Don Carli, a Senior Research Fellow with the nonprofit Institute for Sustainable Communication, started off by passing around a t-shirt. Unlike other t-shirts, he explained, this one - which is used by the Institute as a thank you gift for its supporters - addresses and corrects the economic, social and environmental (un)sustainabilities embedded in a production process: the water consumption of industrial cotton farming, the economic exploitation of workers in the developing world, water pollution from the fabric dying process, and the harvesting of new resources despite available recycled options. The medium, he argues, can be the message. And increasingly, there will be regulations to ensure that your green marketing is in fact aligned with your practices. Don also pointed out that the Federal Trade Commission was now finalizing a new green guidelines document for the marketing of sustainability and encouraged everyone attending - and all of you out there - to weigh in. What stunned our audience? The fact that 37,000 Americans did not associate sustainability with environmental performance but with durability. Food for thought.
J. Grossen, Creative Director at Frog Design, approached the marketing of green from another angle. There are currently so many "green" choices out there that consumers "don't really don't give a shit" - at least, about the truly sustainable product. The challenge for designers is how to convey the narrative of sustainability in new, engaging and clear ways so that consumers do pay attention again - and exercise their understanding at point of purchase. At the same time, companies can discover new channels of profit if they examine those points in distribution, manufacturing, etc. that can make a product better for both the consumer and their own bottom lines.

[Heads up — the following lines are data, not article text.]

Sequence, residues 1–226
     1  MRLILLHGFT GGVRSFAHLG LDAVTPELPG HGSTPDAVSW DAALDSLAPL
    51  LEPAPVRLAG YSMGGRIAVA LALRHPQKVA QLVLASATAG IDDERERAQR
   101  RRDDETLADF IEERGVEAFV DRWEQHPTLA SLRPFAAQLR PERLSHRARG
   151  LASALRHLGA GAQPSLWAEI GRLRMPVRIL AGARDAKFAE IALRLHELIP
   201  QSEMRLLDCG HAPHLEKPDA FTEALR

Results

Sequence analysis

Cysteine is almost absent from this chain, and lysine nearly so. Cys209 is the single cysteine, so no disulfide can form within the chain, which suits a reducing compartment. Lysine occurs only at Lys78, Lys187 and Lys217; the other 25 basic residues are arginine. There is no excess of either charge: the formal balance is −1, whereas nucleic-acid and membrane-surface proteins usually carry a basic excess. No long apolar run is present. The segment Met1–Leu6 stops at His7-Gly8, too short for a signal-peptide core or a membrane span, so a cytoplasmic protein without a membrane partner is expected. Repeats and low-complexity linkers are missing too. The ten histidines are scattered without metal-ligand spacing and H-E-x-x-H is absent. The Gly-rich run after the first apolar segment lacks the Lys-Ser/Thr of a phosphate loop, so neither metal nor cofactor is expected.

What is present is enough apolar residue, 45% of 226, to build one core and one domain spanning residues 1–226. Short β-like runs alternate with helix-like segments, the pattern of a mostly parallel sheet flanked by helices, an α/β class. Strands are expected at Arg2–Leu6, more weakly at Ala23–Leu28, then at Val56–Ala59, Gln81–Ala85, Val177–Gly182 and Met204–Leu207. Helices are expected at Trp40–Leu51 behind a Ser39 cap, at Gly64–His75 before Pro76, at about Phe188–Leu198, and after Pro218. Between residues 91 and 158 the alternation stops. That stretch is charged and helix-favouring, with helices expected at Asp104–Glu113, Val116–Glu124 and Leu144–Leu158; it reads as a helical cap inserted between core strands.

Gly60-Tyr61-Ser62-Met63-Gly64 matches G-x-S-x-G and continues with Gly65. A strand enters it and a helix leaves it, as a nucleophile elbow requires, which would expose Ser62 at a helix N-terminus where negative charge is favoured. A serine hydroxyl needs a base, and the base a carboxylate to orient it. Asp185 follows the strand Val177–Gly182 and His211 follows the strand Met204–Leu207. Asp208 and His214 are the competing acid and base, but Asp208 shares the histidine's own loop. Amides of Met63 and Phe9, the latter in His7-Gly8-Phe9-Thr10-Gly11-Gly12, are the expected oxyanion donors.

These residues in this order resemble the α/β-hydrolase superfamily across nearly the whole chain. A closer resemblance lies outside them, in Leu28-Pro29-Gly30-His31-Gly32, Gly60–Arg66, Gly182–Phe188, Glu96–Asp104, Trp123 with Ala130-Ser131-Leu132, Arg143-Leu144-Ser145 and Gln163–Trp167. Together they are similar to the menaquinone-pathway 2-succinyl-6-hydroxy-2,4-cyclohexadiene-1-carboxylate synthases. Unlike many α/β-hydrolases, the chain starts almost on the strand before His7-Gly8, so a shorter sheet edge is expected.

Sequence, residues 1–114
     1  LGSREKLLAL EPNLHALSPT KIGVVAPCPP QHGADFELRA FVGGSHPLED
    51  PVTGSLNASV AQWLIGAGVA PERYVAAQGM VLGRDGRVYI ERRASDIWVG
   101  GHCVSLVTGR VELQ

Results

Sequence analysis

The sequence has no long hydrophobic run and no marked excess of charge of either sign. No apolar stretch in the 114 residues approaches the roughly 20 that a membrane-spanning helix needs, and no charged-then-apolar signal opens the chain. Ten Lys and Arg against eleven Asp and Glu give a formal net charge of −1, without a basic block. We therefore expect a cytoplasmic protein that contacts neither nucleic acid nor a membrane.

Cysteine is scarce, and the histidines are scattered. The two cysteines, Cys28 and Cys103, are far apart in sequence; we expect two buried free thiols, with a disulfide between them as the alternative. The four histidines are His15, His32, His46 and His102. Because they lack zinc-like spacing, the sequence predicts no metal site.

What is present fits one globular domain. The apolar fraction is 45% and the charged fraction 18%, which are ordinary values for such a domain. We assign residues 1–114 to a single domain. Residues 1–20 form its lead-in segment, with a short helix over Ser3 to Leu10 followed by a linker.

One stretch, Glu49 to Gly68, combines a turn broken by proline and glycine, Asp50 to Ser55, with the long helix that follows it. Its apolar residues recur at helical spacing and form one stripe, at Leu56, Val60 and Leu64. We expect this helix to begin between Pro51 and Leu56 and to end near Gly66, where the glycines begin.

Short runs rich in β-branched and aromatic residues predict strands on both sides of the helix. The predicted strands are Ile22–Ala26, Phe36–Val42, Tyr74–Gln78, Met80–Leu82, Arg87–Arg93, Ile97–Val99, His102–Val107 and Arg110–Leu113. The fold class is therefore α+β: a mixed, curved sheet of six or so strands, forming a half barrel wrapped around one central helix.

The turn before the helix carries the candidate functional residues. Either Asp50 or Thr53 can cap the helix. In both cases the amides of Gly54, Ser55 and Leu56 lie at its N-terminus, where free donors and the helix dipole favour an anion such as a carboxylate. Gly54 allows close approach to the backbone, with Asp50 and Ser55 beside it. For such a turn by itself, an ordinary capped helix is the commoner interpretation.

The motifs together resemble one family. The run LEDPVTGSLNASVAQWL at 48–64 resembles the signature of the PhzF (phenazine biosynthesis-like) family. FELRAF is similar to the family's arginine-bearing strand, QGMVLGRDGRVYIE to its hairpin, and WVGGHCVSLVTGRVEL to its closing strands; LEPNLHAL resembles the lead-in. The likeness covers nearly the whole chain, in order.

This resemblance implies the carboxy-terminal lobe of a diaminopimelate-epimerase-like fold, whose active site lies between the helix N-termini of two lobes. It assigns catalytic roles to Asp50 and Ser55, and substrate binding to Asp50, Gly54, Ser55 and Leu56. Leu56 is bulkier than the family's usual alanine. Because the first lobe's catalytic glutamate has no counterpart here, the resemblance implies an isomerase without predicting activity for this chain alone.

Mary Howard, owner of Design Technologies LLC, which helps companies with sustainable products get funding, presented Suncirc, a biodegradable eco-dining line, as a case study of the challenges in taking unique sustainable products to market. Three tips: Show investors the money, both in operations savings and in potential demand; echoing J. Grossen, the benefits must be clear to the consumer; and lastly, know your certifications - they are tricky things.
Last speaker Bill Horgan, a Partner at Grimshaw Architects, disagreed openly with Neil's assertion that aesthetics are dead in the movement towards greater sustainability in architecture. He cites Grimshaw's own work in intersecting the cutting edge of sustainable technologies with new architectural forms, most notably the Eden Project in Cornwall, England. He explained how performance and financial considerations led to the design of a series of geodesic domes clad in inflatable foil that is soft but strong. Grimshaw has had a lucky succession of clients with unusual briefs, and Bill notes that it is usually the risk-taking clients who move design and sustainability forward.
The term sustainability by itself remains vague until the context is defined. Are we talking about social, economic, environmental sustainability, some of them, or all of the above? The speakers at this Town Hall ran the gamut of these topics, making a persuasive case that a dedicated approach to sustainability must balance multiple fields of engagement while keeping profits and mission in sight.